Celebration of Space - December 30, 2022
The Quadrantid Meteor Shower at Frosty Drew Observatory. Credit: Frosty Drew Astronomy Team member, Scott MacNeill
This coming Wednesday, January 4, 2023, the annual Quadrantid Meteor Shower will peak. The first meteor shower of the year, and the last meteor shower of the viewing season, the Quadrantid peak is also one of the best meteor displays of the year, bringing a potential increase in regular meteor activity upwards of 120 meteors per hour. The tricky thing about the Quadrantids is that the debris field that Earth passes through, which is created by a potentially dead comet named 2003 EH, is very thin, and orbits the Sun perpendicular to Earth’s orbit. So we pass through this field very quickly, giving us a short peak period of no more than six hours. Timings of the fast peak sometimes fall during the daytime hours for our region. Though in 2023, the peak timings are predicted to occur between 10:00 pm (Tuesday), and 1:00 am (Wednesday), the latter will favor the East Coast. On Wednesday morning, the bright 92% waxing gibbous Moon will be in the sky until it sets at 5:28 am, which will certainly outshine a vast majority of the meteors. Though for about 30 minutes we will have a fantastically dark sky to observe.
Viewing the Quadrantid peak is rather straightforward. You will want to be at a location with a wide open view of the sky that is largely free of artificial light, and be there for 5:30 am, which is when the Moon sets. Lay on your back with your feet orientated towards the Southwest, and look to the zenith (top of the sky) to catch meteors streaking by. The constellation that meteors will originate from is, the now defunct constellation, Quadrans Moralis, which currently resides in the constellation Bootes, near the end of the handle of the Big Dipper asterism. Let us know if you spot any Quadrantid meteors.
In March 2022, a new comet was discovered by the Zwicky Transient Facility in California. The comet is C/2022 E3 ZTF, which is a long period comet that may have an orbital period of 50,000 years. Long period comets are comets that have an orbital period around the Sun of longer than 200 years. Comet E3, will make its closest approach to the Sun (perihelion) on January 12, 2023, and then its closest approach to Earth on February 1, 2023 at a distance of 26 million miles. The comet has been progressively brightening quite nicely, and has formed two distinctive tails – an ion tail and a dust tail. Due to the perpendicular orbit of the comet, related to Earth’s orbit, the comet is currently in excellent position for viewing in the Northern Hemisphere sky, during the morning hours, and will keep getting better as we move through perihelion. The comet is currently being reported at binocular visibility, and could reach the point of naked eye visibility in January. For those looking to catch an early view of the comet, now is the time, as the morning sky is seeing moonset early. Though the best time to catch a glimpse will be after the Moon departs the night sky later this January. Over the next two weeks, the comet will remain in the constellation Corona Borealis, after which it will make its way over the North Star, heading westward across the sky. The best time to catch a view of the comet is about an hour before predawn kicks in – around 4:00 am. Though as January closes, the comet will be above the horizon all night long. So make plans in 2023 to catch a view of the first comet of the year, which could potentially reach naked eye visibility.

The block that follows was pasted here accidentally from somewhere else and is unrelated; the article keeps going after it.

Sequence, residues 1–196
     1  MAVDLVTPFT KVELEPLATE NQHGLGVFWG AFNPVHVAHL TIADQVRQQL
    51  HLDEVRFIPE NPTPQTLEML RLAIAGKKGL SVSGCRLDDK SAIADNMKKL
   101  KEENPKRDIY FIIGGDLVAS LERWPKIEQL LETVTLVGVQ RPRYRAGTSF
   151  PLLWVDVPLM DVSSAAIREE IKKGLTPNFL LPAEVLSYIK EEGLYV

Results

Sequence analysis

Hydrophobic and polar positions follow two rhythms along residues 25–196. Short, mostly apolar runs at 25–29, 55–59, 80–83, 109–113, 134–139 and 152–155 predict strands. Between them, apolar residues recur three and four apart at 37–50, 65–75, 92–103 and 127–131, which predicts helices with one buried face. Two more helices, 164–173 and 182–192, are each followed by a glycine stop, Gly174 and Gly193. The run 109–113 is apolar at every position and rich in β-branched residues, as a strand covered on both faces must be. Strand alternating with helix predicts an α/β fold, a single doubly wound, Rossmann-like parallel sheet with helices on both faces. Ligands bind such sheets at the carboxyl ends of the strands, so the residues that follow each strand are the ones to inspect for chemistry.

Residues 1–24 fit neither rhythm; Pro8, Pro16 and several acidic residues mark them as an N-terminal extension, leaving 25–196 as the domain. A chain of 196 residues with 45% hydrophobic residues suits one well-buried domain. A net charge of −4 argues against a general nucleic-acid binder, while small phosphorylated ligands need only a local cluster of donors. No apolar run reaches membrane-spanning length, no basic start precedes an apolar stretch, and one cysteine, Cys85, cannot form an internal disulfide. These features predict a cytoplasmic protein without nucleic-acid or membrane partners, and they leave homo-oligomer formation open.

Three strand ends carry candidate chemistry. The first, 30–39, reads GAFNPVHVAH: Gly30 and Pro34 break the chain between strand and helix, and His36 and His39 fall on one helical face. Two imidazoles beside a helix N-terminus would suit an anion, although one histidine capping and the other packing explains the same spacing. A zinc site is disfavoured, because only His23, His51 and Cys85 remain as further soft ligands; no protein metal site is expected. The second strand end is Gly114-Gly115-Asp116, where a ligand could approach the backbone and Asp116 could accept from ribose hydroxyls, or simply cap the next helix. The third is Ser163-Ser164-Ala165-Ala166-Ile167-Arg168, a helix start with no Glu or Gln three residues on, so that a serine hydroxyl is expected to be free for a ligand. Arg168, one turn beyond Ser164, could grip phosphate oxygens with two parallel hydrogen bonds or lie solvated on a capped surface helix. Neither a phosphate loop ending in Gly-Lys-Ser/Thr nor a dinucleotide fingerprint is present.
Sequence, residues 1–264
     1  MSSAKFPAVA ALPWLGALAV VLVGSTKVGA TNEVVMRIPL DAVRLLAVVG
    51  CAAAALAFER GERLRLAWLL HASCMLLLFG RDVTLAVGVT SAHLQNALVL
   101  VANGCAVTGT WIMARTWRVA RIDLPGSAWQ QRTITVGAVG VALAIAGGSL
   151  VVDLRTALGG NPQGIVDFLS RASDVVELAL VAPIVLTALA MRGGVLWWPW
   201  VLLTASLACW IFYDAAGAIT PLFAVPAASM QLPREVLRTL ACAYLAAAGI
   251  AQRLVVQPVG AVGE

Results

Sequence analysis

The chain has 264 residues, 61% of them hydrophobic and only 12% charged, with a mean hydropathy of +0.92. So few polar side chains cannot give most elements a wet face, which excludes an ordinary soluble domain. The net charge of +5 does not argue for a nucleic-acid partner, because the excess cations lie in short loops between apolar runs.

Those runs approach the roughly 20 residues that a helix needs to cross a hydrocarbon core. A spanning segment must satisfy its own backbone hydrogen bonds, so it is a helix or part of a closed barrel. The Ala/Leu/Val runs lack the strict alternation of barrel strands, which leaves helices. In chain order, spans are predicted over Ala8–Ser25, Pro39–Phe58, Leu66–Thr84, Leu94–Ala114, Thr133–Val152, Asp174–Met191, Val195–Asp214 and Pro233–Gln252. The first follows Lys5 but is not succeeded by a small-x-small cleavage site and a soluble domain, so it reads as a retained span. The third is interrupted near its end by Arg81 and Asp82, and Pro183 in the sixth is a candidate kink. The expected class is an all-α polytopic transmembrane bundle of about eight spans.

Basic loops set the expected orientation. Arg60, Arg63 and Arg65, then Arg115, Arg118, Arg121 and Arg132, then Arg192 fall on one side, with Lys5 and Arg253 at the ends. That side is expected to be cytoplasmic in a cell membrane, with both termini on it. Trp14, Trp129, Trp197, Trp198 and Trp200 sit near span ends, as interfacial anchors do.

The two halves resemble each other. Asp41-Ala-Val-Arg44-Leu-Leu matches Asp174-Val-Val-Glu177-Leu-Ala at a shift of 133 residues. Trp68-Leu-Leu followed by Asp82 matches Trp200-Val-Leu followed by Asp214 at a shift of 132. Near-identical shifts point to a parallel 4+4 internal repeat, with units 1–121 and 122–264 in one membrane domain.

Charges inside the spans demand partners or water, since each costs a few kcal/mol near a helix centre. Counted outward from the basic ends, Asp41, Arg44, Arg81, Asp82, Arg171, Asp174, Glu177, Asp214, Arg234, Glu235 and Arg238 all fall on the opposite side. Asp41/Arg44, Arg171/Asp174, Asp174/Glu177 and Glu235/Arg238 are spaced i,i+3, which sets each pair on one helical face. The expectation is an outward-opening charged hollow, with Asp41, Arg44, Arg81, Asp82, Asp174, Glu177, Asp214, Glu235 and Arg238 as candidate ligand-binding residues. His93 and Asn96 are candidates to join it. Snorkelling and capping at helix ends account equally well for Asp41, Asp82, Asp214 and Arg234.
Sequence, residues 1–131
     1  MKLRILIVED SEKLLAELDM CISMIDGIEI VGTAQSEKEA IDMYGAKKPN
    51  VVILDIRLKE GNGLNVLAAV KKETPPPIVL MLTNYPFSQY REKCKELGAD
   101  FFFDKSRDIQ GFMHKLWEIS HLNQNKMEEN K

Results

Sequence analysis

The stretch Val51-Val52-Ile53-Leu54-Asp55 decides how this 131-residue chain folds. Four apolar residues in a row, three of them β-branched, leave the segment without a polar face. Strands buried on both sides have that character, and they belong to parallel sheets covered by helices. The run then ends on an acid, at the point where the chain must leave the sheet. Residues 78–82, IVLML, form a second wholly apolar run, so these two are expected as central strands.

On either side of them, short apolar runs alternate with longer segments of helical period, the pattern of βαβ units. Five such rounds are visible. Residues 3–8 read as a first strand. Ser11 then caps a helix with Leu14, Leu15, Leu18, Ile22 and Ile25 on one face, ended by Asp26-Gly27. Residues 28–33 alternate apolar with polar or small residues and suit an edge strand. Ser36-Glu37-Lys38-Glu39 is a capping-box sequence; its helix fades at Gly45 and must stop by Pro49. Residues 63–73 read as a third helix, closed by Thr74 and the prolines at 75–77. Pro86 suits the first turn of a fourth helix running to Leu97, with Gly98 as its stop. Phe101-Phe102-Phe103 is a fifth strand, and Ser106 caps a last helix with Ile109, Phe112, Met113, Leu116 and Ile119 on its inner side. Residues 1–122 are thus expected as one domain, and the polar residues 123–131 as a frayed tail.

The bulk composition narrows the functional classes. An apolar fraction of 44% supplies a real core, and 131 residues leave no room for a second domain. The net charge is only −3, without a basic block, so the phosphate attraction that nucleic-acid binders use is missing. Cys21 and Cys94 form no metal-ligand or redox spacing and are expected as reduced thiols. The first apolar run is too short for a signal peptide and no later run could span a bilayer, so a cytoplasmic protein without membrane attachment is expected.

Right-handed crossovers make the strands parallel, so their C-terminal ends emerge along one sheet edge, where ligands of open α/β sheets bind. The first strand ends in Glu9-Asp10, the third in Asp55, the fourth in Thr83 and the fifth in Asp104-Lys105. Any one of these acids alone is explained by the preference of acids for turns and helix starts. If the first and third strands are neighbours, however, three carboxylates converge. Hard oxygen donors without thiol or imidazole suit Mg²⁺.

From February 2022 – October 2022, Venus has taken on its role as the Morning Star, shining brightly – like an airplane in the predawn morning sky. Well on October 22, 2022, Venus reached Superior Conjunction, which is when Venus arrives on the opposite side of the Sun than the Earth. This is also, consequently, Venus’ full phase when viewed from Earth. Since then, Venus has been orbiting onto the western side of the Sun, and has started to become visible, just this month, over the SW horizon in the evening twilight sky. This now makes Venus the Evening Star, which will continue to shine brightly in the evening sky through the first half of 2023, until reaching Inferior Conjunction on August 13, 2023, which is when Venus will orbit in between Earth and the Sun. So put Venus on your bucket list for 2023, and catch a stunning view of the planet in its role as the Evening Star.
Now that winter is here and the longest nights of the year are happening, we welcome back to the night sky an old fan favorite – The Orion Nebula. Found in the constellation Orion (duh…) the nebula is one of two naked eye visible star forming regions in the Northern Hemisphere sky (the other being the Lagoon Nebula, which is a summertime object). It is quite visible as the middle star in Orion’s sword. Residing at 1,400 light years distant, the nebula is the closest site of massive star formation to the Solar System. Being that the Orion Nebula is naked eye visible, views of the object in binoculars, or a telescope is breathtaking. Though a view in a high powered telescope, like the one at Frosty Drew Observatory, will blow your mind. Take a moment over the next few nights to step outside and welcome the New Year with a beautiful view of the constellation Orion, and take a moment to spot that rather blurry star at the center of Orion’s sword, and remind yourself that you are looking at the birthplace of thousands of infant stars.
Have a fabulous New Year from all the astro-geeks at Frosty Drew Observatory and Science Center.
- Scott MacNeill
- Entry Date:
- Dec 30, 2022
- Published Under:
- Scott MacNeill's Columns